Socioeconomic Disparities in Low Birth Weight Outcomes According to Maternal Birthplace in Québec, Canada

Socioeconomic Disparities in Low Birth Weight Outcomes According to Maternal Birthplace in Québec, Canada

Socioeconomic Disparities in Low Birth Weight Outcomes According to Maternal Birthplace in Québec, Canada

Socioeconomic Disparities in Low Birth Weight Outcomes According to Maternal Birthplace in Québec, Canadas

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Référence bibliographique [1194]

Ethnicity and Health, vol. 14, no 1, p. 61-74.

Fiche synthèse

1. Objectifs


Intentions :
« Studies in the USA suggest that the association between maternal birthplace, socioeconomic status (SES), and low birth weight (LBW) can vary across different immigrant groups. Less is known outside the USA about these associations. Our study assesses the association of maternal birthplace and SES on the likelihood of LBW infants in Québec, Canada. » (p. 61)

2. Méthode


Échantillon/Matériau :
« Using 2000 Québec birth registry data, logistic regression was used to examine differentials in LBW according to maternal birthplace and SES. Singleton infants born to Québec mothers (n 47,988) were grouped into nine regions based on maternal birthplace: (1) Canada; (2) the USA and western Europe; (3) eastern Europe; (4) Latin America; (5) the Caribbean; (6) Sub-Saharan Africa; (7) north Africa and Middle East; (8) South Asia; and (9) East Asia and Pacific. »

Type de traitement des données :
Analyse statistique

3. Résumé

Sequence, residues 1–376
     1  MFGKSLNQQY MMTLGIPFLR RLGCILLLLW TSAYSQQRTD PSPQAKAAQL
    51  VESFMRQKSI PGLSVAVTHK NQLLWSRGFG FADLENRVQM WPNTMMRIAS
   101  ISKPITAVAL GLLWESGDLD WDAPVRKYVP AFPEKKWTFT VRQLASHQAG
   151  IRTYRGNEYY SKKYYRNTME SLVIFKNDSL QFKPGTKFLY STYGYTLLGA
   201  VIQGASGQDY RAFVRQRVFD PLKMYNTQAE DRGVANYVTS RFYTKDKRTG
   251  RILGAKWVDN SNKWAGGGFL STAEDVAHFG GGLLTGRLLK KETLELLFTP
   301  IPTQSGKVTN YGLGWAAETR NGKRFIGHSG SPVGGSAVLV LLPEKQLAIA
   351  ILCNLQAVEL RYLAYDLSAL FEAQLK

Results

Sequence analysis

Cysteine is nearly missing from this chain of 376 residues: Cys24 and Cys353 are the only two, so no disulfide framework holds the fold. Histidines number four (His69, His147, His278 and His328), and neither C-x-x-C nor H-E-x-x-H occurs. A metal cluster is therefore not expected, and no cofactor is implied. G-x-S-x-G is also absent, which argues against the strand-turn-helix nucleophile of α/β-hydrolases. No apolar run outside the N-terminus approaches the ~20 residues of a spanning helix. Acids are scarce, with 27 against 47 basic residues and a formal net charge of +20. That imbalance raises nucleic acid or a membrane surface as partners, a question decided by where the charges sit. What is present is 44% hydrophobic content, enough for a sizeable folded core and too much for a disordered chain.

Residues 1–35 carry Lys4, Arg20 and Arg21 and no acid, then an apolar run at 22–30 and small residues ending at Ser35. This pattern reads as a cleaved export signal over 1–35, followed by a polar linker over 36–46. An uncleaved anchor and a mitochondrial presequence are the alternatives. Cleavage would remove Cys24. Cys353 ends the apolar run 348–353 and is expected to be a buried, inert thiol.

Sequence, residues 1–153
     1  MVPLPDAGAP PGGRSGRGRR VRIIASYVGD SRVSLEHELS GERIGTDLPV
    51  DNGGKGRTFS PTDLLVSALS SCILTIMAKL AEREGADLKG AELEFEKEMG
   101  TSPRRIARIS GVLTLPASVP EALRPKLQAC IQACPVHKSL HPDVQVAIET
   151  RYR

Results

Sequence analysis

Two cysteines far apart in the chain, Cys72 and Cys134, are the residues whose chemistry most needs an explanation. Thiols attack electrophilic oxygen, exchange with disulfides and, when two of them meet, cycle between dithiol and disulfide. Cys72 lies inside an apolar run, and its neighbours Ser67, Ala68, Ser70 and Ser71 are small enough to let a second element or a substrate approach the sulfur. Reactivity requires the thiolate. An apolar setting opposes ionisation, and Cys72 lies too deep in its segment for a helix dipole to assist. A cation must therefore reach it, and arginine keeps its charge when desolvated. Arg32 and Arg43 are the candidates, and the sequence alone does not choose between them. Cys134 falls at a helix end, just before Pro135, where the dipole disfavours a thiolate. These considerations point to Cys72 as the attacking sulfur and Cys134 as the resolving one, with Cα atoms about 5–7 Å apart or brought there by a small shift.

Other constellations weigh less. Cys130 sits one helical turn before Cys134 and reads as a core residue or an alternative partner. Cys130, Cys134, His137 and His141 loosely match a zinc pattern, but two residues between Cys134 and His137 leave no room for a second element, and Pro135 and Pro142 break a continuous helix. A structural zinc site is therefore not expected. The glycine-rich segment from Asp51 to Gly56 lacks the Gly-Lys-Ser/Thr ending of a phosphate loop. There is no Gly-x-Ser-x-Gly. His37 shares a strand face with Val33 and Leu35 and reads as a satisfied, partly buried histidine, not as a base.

« Our research suggests the presence in Québec, Canada of variations in LBW according to maternal birthplace and SES. Three main conclusions arise from this study: (1) the strength and direction of the association between foreign-born status and LBW varies according to maternal birthplace; (2) among singleton births in 2001, South Asian and Caribbean-born mothers had a higher likelihood of LBW infants than high SES Canadian-born mothers; and (3) paradoxically, high SES South Asian- and Caribbean-born mothers have a higher likelihood of LBW outcomes than low SES South Asian- and Caribbean-born mothers. » (p. 69) « Our analysis and results underscore the importance of investigating variations in the association of foreign-born status with LBW outcomes by maternal birthplace. The finding that South Asian- and Caribbean-born mothers have a higher prevalence and odds of LBW outcomes than Canadian-born mothers suggests that universal access to medical services and government-sponsored preventive services may not be sufficient to reduce perinatal health disparities among different social groups in Canada. Research that helps detect those social groups with more unfavorable health outcomes can aid the development of public health policies and interventions that Ethnicity & Health might better target higher-risk groups and address social disparities in perinatal health. » (p. 71-72)